Requin gris de récif - Aquarium La Rochelle

Grey Reef Shark

Carcharhinus amblyrhynchos
Conservation status :

Near threatened

  • Group
  • Size
    2 metres
  • Distribution area

    This species has a rather wide distribution: Indian Ocean, West and Central Pacific Ocean, from the Red Sea to the Hawaiian Islands.

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The grey reef shark stands apart from the grey sandbar shark (Carcharhinus plumbeus) for its black-tipped pectoral, ventral and caudal fins.

Its silhouette is massive and powerful. It tends to frequent the outer slopes, passes and areas surrounding coral reefs, and sometimes lagoons.


Its schools can number several hundred individual sharks by day, although grey reef sharks tend to scatter at night to hunt.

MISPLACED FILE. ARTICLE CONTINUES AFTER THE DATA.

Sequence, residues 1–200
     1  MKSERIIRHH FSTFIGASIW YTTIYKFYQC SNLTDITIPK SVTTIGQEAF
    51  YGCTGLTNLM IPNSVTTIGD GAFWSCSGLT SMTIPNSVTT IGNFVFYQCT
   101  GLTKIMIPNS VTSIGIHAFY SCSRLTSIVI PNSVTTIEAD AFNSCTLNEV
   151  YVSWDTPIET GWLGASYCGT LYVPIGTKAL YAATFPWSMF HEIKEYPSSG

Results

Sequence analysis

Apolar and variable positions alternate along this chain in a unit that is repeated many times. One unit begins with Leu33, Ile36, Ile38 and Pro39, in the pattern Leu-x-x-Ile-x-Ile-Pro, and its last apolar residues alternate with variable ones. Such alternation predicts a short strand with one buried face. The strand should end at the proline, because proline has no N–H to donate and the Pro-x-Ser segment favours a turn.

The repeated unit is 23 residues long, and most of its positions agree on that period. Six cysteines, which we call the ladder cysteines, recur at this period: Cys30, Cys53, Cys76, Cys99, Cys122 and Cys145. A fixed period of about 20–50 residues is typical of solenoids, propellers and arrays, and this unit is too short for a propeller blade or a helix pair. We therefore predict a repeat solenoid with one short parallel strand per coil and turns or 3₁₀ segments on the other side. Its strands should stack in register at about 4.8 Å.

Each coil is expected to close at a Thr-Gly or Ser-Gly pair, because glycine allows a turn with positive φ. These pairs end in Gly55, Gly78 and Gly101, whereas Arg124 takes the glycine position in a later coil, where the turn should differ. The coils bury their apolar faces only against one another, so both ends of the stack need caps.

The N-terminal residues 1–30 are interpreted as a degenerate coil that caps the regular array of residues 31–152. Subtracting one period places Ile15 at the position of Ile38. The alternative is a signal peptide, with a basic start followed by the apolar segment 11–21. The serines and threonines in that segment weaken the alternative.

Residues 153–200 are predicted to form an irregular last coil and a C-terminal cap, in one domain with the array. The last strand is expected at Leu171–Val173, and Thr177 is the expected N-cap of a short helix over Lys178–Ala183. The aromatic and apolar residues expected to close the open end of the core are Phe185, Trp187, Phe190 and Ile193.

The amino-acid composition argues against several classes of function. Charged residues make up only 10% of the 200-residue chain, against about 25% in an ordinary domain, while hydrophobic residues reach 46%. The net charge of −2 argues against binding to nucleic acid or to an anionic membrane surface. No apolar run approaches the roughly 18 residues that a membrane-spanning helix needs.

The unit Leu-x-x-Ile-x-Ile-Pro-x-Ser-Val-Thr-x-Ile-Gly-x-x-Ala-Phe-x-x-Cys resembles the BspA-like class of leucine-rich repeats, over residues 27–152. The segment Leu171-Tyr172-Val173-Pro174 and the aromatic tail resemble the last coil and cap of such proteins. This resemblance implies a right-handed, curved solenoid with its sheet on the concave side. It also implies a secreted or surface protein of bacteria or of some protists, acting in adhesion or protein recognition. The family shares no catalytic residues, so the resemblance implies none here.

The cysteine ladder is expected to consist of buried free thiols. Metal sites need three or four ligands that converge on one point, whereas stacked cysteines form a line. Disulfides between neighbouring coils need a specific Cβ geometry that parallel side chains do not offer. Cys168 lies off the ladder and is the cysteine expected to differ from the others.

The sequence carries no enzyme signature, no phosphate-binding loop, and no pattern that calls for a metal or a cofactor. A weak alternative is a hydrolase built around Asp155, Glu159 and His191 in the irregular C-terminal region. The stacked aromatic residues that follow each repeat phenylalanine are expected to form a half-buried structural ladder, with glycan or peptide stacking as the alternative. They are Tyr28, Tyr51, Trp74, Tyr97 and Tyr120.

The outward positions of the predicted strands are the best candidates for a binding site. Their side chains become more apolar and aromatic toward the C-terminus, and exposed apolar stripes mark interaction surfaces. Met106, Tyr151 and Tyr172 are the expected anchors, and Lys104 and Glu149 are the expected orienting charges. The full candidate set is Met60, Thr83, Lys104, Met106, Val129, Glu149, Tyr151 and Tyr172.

They feed primarily on reef fish but also on cephalopods and crustaceans (spiny lobsters and crabs).


Grey reef sharks must always be in motion so that water passes through their gills allowing them to take in the oxygen required for their metabolism. In areas with strong currents, a gentle swim allows them to 'oxygenate' without too much effort.


After mating, the viviparous (live-bearing) females give birth to one to six offspring (about 50 cm long) after a 12 month period of gestation.


This species is vulnerable due to its low reproductive capacity and was added to the UICN's Red List in 2000.

« The grey reef shark can pose a real threat in the presence of food stimuli like shark feeding and underwater fishing.
When it feels in danger, it swims with a posture of intimidation that is typical of its species: arched back, pectoral fins down and teeth bared, advancing in jerky movements. This behaviour is often a precursor to an attack. »

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